NZ schools go gender-neutral

Submitted by Matthew on 11 October, 2017 - 10:05 Author: Colin Foster

New Zealand’s secondary school teachers’ union has called on all schools to offer gender-neutral uniform, toilet and changing-room options. All students should be able to “choose from a range of shorts, trousers, skirts of different lengths and styles, with both tailored and non-tailored interchangeable shirts... access to specific uniform items [should not be] not limited on the basis of biological sex or perceived gender identity”.

The right to be cool Matthew Mon, 07/03/2017 - 11:21

June 2017 was the hottest June for 176 years. Across Europe temperatures went up to 38°C, and groups of school children and workers defied instructions and wore skirts to school and work to try and keep cool.

Against Borders for Children AWL Wed, 01/18/2017 - 11:46

On 14 January, I went with another member of the Alliance for Workers’ Liberty to the Against Borders for Children (ABC) conference. The event was about fighting for refugee children, and was organised by ABC, a group that allies with teachers and students to fight for refugee children who are being spied on or even arrested by the government.

UK school system bad for children AWL Fri, 12/09/2016 - 10:11

The Programme for International Student Assessments (PISA) rankings were published on 6 December. These put UK schools in the 20s among the 72 countries surveyed.

Socialists don′t put great store by the PISA ratings, which measure different nations academic achievements by testing 15 and 16 year olds in maths, science and reading. However, the UK’s poor results do demonstrate that, even by their own standards, the Tories model for education is failing.

Football abuse: overturning a culture of silence Matthew Wed, 11/30/2016 - 11:40

More than 20 ex-football players have come forward with reports they were sexually abused as children by coaches. The revelations have sparked an investigation by five police forces, as well as an internal investigation by the Football Association. An NSPCC hotline has already received over 100 calls.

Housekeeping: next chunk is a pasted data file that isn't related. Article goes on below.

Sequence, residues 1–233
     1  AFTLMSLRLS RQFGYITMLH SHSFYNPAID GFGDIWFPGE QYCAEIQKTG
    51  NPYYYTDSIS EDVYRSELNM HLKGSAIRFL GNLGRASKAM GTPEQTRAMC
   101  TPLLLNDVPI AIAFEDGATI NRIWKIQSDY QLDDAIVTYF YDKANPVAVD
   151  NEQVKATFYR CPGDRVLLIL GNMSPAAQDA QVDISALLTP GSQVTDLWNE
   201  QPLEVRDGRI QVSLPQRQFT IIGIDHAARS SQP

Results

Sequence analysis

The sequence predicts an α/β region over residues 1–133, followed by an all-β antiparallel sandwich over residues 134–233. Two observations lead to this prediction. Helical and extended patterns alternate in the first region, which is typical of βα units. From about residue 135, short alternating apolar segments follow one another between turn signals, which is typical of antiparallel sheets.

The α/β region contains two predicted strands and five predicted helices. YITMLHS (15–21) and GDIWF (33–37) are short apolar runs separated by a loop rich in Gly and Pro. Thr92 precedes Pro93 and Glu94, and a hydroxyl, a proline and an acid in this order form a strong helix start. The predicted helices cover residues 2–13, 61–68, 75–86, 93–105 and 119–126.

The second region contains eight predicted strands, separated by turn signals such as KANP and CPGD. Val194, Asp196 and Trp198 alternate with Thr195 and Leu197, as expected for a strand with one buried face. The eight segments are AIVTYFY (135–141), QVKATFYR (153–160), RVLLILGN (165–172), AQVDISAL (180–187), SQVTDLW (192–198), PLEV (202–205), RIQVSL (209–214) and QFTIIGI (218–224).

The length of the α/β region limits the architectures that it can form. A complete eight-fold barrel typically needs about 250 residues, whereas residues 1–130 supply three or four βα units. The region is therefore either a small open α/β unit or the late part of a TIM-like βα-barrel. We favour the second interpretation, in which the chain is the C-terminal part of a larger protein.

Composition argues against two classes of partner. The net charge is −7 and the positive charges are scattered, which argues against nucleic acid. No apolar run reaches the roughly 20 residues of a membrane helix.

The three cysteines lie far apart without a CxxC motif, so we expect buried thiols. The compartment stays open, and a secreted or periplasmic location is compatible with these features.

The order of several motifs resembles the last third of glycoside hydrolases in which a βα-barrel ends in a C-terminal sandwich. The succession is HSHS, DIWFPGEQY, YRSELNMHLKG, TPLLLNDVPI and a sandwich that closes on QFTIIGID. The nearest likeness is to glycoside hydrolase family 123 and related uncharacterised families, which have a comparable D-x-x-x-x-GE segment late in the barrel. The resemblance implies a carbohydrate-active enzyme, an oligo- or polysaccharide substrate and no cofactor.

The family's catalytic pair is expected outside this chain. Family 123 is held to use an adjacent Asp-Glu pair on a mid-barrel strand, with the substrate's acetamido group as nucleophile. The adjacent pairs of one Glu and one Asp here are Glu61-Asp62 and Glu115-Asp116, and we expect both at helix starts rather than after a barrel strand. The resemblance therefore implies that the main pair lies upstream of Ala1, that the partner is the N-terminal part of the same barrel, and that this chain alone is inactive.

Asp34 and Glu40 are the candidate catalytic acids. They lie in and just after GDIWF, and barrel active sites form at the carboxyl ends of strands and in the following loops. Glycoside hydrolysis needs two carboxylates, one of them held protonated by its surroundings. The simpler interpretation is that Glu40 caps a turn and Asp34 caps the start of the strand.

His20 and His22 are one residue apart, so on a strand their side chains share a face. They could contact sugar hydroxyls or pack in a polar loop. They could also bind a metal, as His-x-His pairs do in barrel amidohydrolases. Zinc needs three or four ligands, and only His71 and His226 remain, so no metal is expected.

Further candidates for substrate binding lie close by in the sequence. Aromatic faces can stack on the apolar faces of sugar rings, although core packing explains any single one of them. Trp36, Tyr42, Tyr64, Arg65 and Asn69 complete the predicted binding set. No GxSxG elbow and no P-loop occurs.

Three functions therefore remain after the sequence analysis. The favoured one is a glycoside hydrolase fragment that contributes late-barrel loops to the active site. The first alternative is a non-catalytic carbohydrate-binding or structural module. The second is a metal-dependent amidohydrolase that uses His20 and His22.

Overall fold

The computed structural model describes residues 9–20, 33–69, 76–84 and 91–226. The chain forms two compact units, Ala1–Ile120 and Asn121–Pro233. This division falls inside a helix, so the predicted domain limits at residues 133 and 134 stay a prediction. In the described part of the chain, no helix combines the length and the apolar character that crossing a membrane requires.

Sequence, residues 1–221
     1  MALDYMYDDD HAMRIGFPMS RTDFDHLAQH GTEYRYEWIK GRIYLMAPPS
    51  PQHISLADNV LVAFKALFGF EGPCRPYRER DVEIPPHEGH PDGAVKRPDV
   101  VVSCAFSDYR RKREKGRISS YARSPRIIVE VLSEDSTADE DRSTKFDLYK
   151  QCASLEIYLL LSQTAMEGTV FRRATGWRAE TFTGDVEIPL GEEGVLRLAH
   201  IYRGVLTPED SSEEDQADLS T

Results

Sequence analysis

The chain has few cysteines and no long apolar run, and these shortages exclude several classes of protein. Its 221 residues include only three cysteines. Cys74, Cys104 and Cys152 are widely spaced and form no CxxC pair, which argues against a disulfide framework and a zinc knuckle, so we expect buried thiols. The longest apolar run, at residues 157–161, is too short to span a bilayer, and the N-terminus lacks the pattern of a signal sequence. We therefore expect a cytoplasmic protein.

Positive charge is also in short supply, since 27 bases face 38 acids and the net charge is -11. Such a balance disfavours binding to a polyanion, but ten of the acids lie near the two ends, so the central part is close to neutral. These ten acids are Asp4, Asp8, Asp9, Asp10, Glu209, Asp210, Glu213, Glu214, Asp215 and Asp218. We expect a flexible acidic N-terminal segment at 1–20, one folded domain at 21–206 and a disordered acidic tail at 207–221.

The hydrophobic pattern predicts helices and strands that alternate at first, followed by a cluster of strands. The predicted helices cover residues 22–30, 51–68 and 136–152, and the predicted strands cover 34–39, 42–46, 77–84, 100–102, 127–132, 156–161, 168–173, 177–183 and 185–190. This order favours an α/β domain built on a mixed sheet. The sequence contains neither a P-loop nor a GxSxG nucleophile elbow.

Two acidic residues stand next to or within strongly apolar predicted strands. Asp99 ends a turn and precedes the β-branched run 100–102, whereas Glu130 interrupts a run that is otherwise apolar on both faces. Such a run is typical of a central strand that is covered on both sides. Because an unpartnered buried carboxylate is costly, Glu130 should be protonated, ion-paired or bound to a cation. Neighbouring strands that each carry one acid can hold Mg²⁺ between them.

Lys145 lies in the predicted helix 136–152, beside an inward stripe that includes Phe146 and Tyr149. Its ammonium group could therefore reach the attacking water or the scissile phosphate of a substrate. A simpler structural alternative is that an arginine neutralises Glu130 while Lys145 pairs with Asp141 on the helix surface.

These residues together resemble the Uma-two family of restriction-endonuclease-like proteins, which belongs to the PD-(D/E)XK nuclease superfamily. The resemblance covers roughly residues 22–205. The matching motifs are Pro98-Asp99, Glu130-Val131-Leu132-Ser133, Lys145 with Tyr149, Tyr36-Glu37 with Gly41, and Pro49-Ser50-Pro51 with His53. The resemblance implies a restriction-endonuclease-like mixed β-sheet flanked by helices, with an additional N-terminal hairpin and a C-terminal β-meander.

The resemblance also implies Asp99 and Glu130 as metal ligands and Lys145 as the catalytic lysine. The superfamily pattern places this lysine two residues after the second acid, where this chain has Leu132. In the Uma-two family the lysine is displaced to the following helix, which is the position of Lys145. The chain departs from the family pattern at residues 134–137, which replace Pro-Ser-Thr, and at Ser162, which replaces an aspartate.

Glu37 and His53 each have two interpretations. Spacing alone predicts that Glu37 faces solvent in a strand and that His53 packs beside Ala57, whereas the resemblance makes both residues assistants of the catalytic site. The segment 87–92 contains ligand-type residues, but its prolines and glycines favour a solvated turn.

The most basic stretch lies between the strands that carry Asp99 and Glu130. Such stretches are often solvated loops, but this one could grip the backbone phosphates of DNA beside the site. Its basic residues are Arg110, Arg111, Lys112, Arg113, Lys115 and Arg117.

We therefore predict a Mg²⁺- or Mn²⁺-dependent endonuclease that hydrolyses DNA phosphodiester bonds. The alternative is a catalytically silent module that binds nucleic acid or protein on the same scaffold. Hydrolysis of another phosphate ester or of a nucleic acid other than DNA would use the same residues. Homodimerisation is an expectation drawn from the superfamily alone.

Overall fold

What "balancing the budget" means martin Tue, 06/21/2016 - 17:33

"Crikey, had a great 'win' last week which sent some parents into a storm", boasted Mark Small on Twitter in mid-June.

His firm is a contractor which is paid by local councils to fight parents' claims to get Special Educational Needs provision for their children. As the Guardian puts it, "its success rests on its ability to help cash-strapped local authorities cut the costs of SEN provision".

It also sells training to council officials to help them minimise SEN provision.

A failed attempt to silence Matthew Wed, 05/11/2016 - 12:48

On Wednesday 4 May the government sacked Natasha Devon from her unpaid post as mental health champion for schools. Evidently it concluded that the parents protest the day before against excessive testing, when thousands kept Year 2 children off school, showed that Devon was having too much effect.

Mental health shortfall worsens Matthew Thu, 02/04/2016 - 09:29

Waiting lists in the NHS are increasing for physical illnesses. But at least they are monitored, and the government feels pressure to reduce them.

According to a new report from the NSPCC (National Society for the Prevention of Cruelty to Children), one child in five of those referred to child and adolescent mental health services (CAMHS) is denied service. For those who get it, the wait for an assessment appointment averages two months across the country, more than 26 weeks in some areas, and “years not months” in others.

Capitalism vs human life AWL Wed, 01/27/2016 - 11:34

Capitalism has created life-enhancing possibilities. It has even realised some of them. My older daughter has epilepsy. In pre-capitalist times, if she’d had medication at all, it would have had no, or harmful, effects, and the seizures would probably have become more severe until they disabled and killed her. Today, she has been able to end the seizures with just a few pills, without side-effects.

Docking benefits won't keep children in school

Submitted by Matthew on 14 October, 2015 - 11:00 Author: Gemma Short

Parents of children who are absent from school will have child benefit docked by £120 if they do not pay a fine within 28 days.

Local authorities can already take parents to court if their children are “truanting”; courts can fine parents £60, rising to £120 if the fine is not paid within 21 days. Larger fines, community or jail sentences are also handed down to “persistent offenders”.